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Working During Retirement May Be 'The New Normal'

Welcome to the age of the "Nevertirees."

A study of wealthy individuals around the world conducted by Barclays pokes holes in the notion that an individual should stop working at a pre-defined age, as it is more of an illusion than a reality.

The study found that increasingly, the wealthy are rejecting the idea of a traditional retirement—the romanticized golden years filled with leisure—and continuing to work long past their early 60s.

Retired couple
Chaos | Taxi | Getty Images
Retired couple

In fact, some retirees are even using this period to embark on entirely new careers or businesses.

According to the Barclays Wealth survey, some 60 percent of respondents said they envision always being involved in commercial or professional work of some kind, whatever their age.

Although for some the decision is driven by the expectation of a longer lifespan and concerns about the accompanying financial uncertainties, there is a good chunk of the group that believe their work is their passion, and to stop would be unthinkable.

While this trend appeared to be global, there were some regional differences. Very few of the wealthy individuals from Saudi Arabia, United Arab Emirates, Qatar, and South Africa ever planned to stop working.

But in Switzerland, Spain and Japan, the majority of the wealthy individuals were looking forward to a more traditional retirement.

In the US, the majority were subscribing to this "new normal" for retirement, with some 54 percent saying they would want to continue working in retirement.

Matt Brady, head of Wealth Advisory at Barclays Wealth Americas, said there are several things going on, starting with the fact that people of retirement age today are healthier and more vital than they used to be.

There also were some financial concerns expressed by the group, which was comprised of 2,000 people from 20 countries with more than $1.5 million each in investable assets. Among them, 200 had more than $15 million in investable assets.

The group felt confident that they could predict their daily expenses in retirement, but were less certain they could predict their investment returns or their own personal health.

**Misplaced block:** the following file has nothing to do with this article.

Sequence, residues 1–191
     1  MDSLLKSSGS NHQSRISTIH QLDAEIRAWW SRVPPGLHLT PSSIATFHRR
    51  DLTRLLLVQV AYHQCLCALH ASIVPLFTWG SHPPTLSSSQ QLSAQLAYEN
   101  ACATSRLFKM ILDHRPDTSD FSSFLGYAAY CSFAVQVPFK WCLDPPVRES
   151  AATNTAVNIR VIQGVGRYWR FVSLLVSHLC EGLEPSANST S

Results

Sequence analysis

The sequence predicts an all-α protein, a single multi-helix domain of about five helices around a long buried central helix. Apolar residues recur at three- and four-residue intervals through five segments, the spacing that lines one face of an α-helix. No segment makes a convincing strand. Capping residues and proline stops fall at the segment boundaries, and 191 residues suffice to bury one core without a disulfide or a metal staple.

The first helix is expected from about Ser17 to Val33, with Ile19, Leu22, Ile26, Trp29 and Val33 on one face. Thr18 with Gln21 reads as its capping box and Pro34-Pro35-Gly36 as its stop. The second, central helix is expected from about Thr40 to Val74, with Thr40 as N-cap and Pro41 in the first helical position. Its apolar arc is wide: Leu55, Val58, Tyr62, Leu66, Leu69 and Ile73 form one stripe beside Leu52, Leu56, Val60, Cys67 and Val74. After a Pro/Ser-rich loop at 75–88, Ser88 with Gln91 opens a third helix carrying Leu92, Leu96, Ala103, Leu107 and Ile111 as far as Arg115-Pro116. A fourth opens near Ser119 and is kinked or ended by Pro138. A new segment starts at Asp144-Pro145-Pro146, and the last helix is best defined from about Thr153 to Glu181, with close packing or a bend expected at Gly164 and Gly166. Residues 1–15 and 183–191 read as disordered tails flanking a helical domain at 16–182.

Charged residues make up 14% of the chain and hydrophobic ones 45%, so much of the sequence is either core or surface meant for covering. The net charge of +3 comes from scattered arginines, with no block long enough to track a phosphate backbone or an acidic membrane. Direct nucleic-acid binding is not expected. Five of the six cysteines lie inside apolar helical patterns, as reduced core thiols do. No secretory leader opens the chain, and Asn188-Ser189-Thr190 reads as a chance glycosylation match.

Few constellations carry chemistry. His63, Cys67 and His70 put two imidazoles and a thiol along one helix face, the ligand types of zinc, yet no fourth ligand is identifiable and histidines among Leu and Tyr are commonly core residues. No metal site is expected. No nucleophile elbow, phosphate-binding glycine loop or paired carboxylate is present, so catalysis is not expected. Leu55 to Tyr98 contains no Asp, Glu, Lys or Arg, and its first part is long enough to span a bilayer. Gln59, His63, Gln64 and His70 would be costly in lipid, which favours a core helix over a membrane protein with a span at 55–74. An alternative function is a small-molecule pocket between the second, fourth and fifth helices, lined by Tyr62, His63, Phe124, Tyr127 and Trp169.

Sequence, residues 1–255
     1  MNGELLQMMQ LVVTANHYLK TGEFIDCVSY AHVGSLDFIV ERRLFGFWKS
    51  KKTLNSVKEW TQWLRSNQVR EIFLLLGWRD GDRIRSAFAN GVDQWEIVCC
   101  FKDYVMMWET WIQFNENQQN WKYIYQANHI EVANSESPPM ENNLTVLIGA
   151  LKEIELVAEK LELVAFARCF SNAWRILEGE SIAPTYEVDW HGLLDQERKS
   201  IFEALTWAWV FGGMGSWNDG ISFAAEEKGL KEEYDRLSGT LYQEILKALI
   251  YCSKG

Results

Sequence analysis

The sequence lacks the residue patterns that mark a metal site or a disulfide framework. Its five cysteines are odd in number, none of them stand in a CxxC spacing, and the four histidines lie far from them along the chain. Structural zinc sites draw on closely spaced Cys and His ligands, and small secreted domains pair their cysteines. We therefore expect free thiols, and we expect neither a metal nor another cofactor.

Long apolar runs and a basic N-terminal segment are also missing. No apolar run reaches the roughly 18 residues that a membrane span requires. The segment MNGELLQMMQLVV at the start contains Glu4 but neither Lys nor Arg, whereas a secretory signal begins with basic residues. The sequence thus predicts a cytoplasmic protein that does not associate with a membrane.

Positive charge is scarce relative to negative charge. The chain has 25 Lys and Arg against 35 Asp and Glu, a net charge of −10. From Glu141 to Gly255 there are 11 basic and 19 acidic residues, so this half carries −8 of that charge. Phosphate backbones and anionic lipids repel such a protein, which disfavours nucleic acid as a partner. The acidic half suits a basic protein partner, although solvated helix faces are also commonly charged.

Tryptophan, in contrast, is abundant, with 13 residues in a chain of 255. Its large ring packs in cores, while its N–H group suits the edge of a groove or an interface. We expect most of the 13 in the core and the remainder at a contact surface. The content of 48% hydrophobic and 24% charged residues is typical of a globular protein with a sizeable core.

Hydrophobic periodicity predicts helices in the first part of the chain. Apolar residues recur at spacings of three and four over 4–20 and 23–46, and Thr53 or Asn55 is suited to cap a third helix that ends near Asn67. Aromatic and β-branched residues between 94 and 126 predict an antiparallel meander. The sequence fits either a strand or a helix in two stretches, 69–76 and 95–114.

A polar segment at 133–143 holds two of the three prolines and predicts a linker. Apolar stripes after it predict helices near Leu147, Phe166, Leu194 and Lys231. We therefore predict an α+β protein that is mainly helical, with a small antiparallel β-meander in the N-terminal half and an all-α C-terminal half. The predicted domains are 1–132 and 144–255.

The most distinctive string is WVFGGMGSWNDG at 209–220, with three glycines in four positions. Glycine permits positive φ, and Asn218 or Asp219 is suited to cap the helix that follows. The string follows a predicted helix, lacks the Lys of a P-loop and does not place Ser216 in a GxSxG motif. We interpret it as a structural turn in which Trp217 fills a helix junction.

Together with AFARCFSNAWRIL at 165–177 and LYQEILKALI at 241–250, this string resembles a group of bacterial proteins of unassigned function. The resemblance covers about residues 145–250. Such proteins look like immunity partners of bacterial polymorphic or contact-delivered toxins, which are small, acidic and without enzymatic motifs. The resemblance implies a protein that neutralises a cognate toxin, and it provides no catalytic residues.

What was also interesting was that the survey uncovered that in some cases the desire to continue working part time in retirement increased after the individual reached retirement age.

Perhaps it's the realization that retirement may prove to be a bit more boring than they expected when they were younger.

One telling observation was that 85 percent of those who were under 45 years old said they were looking forward to spending more time with their family in retirement, but of those who were already over 65 years old, only 68 percent said that was how they were spending their time.

Even more eye-opening was that only 25 percent of the retired American high-net worth individuals described their retirement as "the best years of my life."

The shift toward a working retirement could have several ramifications.

First, from the investing point of view, there is the possibility that those planning to work longer may have the opportunity to take greater risk with their investments for a longer period of time.

"Your appetite for risk may increase if you are working and getting an income," Brady said.

The trend could also have a profound impact on younger workers.

Some believe that in an age of limited employment opportunities, a pool of talented and experienced workers who continue to work will block opportunities for younger workers. But some argue that individuals who work longer will increase the opportunities available and add to the GDP.

The study quoted John Llewellyn of Llewellyn Consulting, an economics consultancy, who expects the older generation could drive economic growth.

"The concept of a blessed retirement used to be relevant, when the body was exhausted from physical labor. But it is not the case anymore for many people; not everyone wants to be told they have to leave work and play golf," Llewellyn is quoted as saying.

Also, there is the thought that those who work longer, live longer.

"Trade unions say it is not fair to force people to retire after 65, but I would reply to them 'what right do you have to shorten my life?'" Llewellyn said.

Questions? Comments? Email us at consumernation@cnbc.com

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